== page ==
Winners and losers in failing fashion brand
Hungary’s state-owned fashion brand has fallen into decay over the past years, even though its launch received support from the highest places. While the original goal of providing employment to disabled people was not achieved, the brand did succeed in channeling around €82,000 in funds to an already successful fashion designer.
Four years ago the “Attitude” fashion brand was launched, it even had a retail outlet in one of the Budapest’s most frequented shopping malls. The idea was to provide people with physical and mental impairments job opportunities creating marketable products. The concept was even embraced by Aniko Levai, the wife of Prime Minister Viktor Orban. In spite of these positive beginnings, since then the shop closed, and the Attitude website does not provide any reliable information about what happened.
According to the original plans, Attitude products would have been produced with the cooperation of KEZMU Kozhasznu Nonprofit Kft, a company specializing in the labor market integration of disabled people, and Kati Zoob, an internationally renowned Hungarian fashion designer. While association with a famous fashionista would have given Attitude products a certain glitz, KEZMU already had an established reputation delivering to several international manufacturers of clothes, linens, shoes and other sporting goods.
The terms of the Attitude venture confirmed that Zoob’s Kattiz Kft receive a gross annual sum of €230,000 on average for the designs and prototypes. However, despite the initial hype, the entire venture seemed to be quickly forgotten. As the designer told Atlatszo.hu, the first months were promising, cooperation was well underway and there was buyer interest at home and abroad, as evidenced by good turnover figures, and which also prompted plans to expand.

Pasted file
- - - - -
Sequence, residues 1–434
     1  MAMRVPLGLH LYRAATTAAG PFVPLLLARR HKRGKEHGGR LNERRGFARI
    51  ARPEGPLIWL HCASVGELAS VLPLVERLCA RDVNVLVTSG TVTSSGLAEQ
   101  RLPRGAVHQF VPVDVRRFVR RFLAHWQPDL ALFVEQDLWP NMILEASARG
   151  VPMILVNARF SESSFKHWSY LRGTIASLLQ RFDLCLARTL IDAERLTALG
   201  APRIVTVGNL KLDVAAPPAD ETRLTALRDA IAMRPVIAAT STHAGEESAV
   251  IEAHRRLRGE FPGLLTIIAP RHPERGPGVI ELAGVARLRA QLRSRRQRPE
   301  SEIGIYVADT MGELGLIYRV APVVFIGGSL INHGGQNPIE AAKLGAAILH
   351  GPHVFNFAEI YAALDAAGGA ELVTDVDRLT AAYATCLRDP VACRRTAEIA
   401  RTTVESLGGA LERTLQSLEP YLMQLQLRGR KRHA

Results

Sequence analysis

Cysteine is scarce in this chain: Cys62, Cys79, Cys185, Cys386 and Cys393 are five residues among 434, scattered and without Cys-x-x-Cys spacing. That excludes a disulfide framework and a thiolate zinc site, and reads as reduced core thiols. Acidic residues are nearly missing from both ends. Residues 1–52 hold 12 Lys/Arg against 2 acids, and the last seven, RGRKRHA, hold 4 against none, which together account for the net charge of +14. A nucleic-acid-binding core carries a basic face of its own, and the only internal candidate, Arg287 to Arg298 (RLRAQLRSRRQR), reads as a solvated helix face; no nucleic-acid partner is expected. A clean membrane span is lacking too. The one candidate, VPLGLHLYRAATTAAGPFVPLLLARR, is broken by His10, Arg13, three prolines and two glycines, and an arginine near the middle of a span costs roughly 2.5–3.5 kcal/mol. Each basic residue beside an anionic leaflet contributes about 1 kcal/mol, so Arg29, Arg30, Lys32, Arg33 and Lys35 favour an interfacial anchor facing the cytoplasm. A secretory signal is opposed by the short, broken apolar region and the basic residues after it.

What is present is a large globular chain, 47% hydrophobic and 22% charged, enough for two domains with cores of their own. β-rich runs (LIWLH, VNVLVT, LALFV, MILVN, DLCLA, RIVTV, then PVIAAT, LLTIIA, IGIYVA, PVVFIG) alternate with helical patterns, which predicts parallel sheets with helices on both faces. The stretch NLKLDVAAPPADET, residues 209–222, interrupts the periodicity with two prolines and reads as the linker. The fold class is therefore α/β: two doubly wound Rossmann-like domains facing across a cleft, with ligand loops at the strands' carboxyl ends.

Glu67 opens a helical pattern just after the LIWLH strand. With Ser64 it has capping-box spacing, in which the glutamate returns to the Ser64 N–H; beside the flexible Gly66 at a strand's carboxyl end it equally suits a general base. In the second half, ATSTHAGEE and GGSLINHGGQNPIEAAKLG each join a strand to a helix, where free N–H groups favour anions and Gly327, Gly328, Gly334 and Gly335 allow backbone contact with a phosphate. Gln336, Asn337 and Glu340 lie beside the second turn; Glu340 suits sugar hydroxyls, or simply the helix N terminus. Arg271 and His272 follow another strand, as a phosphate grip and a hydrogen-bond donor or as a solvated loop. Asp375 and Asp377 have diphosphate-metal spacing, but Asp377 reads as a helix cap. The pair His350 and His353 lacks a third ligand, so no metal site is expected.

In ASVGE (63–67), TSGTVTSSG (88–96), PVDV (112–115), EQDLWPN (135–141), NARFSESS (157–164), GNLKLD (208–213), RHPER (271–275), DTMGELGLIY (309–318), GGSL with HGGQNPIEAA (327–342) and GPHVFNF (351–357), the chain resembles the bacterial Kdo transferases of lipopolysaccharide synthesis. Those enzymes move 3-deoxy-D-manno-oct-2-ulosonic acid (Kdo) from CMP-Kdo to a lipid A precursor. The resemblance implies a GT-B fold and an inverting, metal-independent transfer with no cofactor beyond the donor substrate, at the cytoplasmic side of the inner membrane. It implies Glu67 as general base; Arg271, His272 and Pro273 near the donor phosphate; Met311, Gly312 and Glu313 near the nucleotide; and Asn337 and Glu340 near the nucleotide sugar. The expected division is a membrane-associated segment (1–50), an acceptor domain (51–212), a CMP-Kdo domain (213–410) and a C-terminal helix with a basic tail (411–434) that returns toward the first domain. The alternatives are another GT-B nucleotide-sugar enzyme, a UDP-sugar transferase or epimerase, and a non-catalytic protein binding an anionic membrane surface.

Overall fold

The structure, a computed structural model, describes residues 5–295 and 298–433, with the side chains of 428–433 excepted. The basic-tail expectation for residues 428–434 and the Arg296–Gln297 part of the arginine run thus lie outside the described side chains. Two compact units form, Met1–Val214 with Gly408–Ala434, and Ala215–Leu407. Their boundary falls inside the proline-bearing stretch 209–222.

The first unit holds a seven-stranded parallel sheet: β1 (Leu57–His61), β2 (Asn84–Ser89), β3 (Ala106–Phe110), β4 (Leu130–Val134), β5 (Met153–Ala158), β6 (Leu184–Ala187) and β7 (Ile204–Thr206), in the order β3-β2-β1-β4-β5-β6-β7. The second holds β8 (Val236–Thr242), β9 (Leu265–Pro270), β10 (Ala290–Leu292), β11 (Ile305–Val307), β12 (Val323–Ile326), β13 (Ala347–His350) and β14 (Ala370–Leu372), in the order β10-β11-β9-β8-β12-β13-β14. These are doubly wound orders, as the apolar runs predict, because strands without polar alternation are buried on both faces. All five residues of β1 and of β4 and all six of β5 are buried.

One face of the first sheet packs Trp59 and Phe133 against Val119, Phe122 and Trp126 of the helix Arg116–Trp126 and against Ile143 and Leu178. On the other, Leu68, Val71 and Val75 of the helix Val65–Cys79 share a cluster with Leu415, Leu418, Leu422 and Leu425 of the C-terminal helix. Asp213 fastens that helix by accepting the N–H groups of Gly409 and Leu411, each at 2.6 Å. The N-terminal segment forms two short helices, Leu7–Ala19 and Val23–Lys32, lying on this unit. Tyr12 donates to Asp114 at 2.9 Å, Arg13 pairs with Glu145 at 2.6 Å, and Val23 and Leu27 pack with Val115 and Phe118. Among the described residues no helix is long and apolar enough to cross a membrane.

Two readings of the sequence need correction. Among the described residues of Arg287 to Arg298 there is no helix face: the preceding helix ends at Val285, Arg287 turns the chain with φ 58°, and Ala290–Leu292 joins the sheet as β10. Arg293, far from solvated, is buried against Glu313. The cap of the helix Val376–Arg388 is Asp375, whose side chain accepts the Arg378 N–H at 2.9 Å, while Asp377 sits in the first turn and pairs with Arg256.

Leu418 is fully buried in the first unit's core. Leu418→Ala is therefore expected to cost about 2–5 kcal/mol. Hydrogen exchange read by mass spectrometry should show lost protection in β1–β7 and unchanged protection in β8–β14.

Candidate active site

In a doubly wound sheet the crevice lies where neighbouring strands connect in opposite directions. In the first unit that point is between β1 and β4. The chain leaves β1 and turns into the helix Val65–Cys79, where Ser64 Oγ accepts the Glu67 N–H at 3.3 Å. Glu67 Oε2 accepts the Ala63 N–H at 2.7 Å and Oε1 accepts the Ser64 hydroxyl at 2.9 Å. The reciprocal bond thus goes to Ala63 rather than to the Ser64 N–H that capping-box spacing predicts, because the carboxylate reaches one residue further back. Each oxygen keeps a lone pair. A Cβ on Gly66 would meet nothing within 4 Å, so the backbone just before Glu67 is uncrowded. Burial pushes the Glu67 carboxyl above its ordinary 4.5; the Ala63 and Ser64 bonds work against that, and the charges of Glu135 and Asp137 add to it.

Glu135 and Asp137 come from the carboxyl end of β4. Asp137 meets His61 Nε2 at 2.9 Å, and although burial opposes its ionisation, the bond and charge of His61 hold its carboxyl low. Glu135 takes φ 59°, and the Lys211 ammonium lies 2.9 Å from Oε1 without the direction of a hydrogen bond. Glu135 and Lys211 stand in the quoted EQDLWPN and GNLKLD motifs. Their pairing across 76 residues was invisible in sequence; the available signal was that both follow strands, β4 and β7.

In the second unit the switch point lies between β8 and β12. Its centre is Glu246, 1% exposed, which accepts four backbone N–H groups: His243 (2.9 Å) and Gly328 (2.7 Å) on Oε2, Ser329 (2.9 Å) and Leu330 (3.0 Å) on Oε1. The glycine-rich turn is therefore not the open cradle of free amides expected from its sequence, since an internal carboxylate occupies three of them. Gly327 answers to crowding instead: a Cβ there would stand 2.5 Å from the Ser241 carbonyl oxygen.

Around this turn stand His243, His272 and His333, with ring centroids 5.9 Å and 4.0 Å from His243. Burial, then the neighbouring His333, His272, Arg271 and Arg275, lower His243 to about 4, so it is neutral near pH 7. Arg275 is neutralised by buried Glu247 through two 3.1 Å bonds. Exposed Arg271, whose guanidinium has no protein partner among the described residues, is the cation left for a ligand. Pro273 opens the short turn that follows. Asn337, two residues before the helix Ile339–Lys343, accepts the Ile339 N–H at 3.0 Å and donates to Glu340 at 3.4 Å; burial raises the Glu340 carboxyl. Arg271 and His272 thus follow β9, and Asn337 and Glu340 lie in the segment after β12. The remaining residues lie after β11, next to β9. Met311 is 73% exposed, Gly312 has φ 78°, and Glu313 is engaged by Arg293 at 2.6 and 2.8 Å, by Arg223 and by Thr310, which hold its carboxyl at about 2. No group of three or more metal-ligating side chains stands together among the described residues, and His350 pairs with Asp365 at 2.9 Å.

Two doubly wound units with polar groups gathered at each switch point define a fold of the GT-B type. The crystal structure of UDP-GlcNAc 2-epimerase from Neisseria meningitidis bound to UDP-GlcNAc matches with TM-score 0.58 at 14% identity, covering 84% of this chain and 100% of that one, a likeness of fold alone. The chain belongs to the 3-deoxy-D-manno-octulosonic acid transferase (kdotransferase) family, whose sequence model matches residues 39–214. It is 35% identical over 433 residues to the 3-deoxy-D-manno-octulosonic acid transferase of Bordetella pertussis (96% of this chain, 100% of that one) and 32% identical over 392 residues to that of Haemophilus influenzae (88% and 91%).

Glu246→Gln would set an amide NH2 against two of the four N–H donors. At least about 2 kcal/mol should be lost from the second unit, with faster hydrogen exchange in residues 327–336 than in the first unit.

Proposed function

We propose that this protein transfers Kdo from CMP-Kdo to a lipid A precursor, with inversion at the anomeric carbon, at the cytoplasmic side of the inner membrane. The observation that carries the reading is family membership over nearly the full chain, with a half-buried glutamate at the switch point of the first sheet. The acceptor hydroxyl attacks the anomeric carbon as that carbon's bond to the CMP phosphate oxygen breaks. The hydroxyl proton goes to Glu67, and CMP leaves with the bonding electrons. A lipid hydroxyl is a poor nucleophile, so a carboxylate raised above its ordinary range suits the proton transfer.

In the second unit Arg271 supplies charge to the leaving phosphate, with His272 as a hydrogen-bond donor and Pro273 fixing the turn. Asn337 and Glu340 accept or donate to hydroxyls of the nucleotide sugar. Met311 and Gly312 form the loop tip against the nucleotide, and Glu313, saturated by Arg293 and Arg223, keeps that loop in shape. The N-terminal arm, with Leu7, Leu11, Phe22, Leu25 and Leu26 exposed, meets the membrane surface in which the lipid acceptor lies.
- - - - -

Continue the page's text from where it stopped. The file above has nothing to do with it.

Zoob said the main reason that the effort lost momentum was the fact that it was backed by a state-owned nonprofit company which lacks the necessary flexibility to develop markets, and this is essential for success in the fashion business.
Gyorgy Becker, KEZMU’s recently appointed chief executive told Atlatszo.hu that even though he leads a state-owned firm, they have to operate on the open market, meaning they too have to adjust to crises and cut costs without losing focus on their core mission to provide job opportunities to disadvantaged people. Becker said Attitude became a lower priority since it was targeted at a premium customer base with low output volumes, and it had difficulty competing with the mass production that is general in the global fashion market. Becker said they now want to amend the contract with Zoob giving her firm far greater tasks in sales and marketing, while KEZMU would stick to actually making the end product.
What is clear nonetheless is who won and who lost out on the arrangement so far. Altogether, the state is in the red by some HUF 163 million (€525,000), the costs include the fee paid to Zoob, who could cash in without apparently having to do all that much in return. Attitude products are still available to those who want them, but they have to get an appointment and visit the one remaining outlet.